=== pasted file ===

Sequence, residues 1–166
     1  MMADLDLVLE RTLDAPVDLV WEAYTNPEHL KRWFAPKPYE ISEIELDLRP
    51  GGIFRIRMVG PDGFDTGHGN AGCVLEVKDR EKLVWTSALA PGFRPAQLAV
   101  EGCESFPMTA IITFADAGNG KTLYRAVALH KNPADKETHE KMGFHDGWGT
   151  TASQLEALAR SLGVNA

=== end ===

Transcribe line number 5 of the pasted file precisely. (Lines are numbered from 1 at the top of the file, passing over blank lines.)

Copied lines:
   151  TASQLEALAR SLGVNA